Serving People with Disabilities
Our practice is honored to be able to provide compassionate hearing healthcare to patients living with a disability in Shelby County and surrounding counties. We have long partnered with a variety of support organizations that allow us to be the annual hearing-health provider to their clients.
Just like people without a disability, annual hearing screenings are very important for people living with a disability. Enhanced quality of life and more satisfying communication take place for all of us when our hearing is optimal or has been improved through professional treatment. Simply put, hearing helps us live our best life and that’s why we’re happy to answer the call to serve all our patients.
Now, some varieties of disability do make it all the more pertinent to have access to regular professional hearing exams. Here are just a few examples – though not an exhaustive list – of what we consider when serving our patients with disabilities.
Down Syndrome and Hearing Loss
Studies show an estimated 53% to 88% of people with down syndrome have conductive hearing loss. This type of hearing loss usually occurs because the ear canal is shaped differently. Proactive screenings for trouble hearing with a disability can improve their health into adulthood and their ability to get an education and to live more independently.
Intellectual Disability (ID) and Hearing Loss
Many adults with intellectual disabilities (ID) move into assisted-living residences that specialize in this type of disability. The living style could be somewhat compared to senior assistive living – professional care and support is all around, as are plenty of opportunities for peer activities and for meaningful friendships to form. An estimated 21% to 70% of people with a disability in an assisted-living setting have trouble hearing.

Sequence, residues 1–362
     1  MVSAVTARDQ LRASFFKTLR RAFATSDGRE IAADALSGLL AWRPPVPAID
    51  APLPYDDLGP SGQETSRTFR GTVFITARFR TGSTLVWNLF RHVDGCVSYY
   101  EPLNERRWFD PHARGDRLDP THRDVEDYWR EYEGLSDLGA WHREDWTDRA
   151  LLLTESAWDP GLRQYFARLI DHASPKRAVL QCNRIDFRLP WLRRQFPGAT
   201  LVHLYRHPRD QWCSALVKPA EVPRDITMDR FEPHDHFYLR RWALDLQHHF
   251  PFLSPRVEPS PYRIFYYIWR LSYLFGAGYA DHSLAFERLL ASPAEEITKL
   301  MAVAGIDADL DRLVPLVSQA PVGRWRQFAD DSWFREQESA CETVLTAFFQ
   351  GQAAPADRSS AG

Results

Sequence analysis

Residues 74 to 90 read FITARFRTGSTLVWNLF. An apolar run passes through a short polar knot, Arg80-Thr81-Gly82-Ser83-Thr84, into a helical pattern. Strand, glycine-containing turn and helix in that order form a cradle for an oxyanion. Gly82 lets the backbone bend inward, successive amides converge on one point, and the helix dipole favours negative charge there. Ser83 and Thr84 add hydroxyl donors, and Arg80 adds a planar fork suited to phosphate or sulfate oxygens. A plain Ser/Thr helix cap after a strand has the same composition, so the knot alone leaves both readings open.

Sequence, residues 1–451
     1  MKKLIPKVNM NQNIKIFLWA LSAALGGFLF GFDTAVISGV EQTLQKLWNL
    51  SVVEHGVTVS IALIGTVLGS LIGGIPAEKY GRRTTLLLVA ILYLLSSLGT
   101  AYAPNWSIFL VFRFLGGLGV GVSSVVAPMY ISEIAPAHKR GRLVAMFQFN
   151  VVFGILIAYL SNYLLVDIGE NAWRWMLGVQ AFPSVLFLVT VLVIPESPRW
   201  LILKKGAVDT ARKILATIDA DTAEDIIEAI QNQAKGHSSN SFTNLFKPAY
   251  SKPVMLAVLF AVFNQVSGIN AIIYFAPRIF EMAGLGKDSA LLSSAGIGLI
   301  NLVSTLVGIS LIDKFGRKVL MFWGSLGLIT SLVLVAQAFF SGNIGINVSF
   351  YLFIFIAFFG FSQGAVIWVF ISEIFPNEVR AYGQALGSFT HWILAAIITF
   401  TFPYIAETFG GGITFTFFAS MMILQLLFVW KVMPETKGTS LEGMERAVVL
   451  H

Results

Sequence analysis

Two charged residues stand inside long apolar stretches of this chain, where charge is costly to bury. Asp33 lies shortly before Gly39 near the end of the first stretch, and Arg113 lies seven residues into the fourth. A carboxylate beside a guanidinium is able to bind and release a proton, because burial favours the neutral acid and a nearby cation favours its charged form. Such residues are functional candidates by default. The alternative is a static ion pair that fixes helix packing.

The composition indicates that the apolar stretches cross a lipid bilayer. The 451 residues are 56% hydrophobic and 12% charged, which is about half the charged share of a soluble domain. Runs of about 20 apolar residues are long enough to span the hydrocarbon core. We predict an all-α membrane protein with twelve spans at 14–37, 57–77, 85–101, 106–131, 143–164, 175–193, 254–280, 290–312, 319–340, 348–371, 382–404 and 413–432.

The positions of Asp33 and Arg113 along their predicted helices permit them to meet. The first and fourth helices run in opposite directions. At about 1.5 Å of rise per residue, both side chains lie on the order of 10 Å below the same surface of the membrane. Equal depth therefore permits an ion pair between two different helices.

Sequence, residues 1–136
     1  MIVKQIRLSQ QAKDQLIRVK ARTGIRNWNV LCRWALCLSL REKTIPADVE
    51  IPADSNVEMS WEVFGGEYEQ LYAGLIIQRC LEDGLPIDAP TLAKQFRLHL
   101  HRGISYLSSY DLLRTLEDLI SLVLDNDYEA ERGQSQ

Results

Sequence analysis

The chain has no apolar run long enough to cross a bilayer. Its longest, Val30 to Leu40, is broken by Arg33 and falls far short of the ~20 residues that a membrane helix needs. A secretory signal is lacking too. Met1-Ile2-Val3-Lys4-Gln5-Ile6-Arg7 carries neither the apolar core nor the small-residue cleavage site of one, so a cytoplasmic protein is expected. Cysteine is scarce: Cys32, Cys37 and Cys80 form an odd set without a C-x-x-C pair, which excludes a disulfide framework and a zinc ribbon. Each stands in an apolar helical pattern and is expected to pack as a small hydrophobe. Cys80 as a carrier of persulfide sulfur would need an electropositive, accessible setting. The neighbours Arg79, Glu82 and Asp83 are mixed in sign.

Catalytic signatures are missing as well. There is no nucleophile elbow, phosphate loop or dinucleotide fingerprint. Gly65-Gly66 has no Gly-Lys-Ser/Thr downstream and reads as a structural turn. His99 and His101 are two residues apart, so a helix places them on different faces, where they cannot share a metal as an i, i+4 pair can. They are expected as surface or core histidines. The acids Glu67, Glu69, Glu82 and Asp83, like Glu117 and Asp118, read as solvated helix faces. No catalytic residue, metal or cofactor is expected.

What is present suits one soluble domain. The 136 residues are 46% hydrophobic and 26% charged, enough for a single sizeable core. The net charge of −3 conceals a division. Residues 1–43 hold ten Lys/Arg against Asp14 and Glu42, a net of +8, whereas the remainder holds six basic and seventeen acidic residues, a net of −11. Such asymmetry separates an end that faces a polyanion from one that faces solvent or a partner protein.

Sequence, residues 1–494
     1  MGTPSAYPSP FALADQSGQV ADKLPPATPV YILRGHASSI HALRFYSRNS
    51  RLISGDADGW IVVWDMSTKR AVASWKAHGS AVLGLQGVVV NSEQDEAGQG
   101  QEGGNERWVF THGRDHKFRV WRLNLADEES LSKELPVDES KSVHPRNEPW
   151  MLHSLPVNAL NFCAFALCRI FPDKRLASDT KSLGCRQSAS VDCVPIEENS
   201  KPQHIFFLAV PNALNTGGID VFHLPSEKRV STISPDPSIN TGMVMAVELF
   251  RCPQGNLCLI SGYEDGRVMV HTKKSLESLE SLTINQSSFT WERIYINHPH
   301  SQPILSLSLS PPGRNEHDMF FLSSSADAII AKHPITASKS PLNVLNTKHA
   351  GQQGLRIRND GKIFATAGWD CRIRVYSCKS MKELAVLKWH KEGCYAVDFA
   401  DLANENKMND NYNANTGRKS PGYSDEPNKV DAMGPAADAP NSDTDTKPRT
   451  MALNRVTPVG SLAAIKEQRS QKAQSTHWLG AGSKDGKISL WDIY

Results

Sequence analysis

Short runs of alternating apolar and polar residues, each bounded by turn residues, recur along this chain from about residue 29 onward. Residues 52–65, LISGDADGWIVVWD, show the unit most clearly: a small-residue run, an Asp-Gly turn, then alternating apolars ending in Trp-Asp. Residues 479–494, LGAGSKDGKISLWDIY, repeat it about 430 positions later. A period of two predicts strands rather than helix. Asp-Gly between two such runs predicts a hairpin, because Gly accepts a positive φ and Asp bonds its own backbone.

Adults with ID have a rate of hearing loss of around 36%. This is double the rate of the general population (15%).
Imagine for a moment that you have an intellectual disability. And on top of that, you can’t hear or understand what people are saying. How well could you learn to communicate your needs? Do you think you’d get frustrated easily? Do you think others might assume your intellectual disability is worse than it is because they don’t know you can’t hear?
Just like the general population, that rate of hearing decline rises with age, so hearing screenings for people living with ID should take place throughout life.
Auditory Processing Disorder (APD) with Learning Disabilities
Auditory Processing Disorder (APD) is a condition where a person can hear “normally” but struggles to process what they’re hearing. It can lead to frustration and learning difficulty and, in general, impacts quality of life. An estimated 3% to 5% of people have APD, and it may get misdiagnosed as an intellectual disability. That’s yet another reason why regular professional hearing exams in a compassionate setting are so important.
Network of Compassionate Care
I’ve personally seen the difference hearing screenings and interventions will make in the lives of individuals and their loved ones. As I said before, this is how we answer our own call to serve in this practice. But, I would be remiss if I didn’t share the way our partners answer their call to serve.
We work closely with these organizations to provide the best care possible for people in our community who are living with a disability:
Affinity Care Group: Affinity Care Group provides services to support individuals with intellectual and developmental disabilities to live a meaningful life: Supportive Living, Community-based Day Services, Employment Support, Transportation, In-Home Care, Perisnal Assistance, and Respite.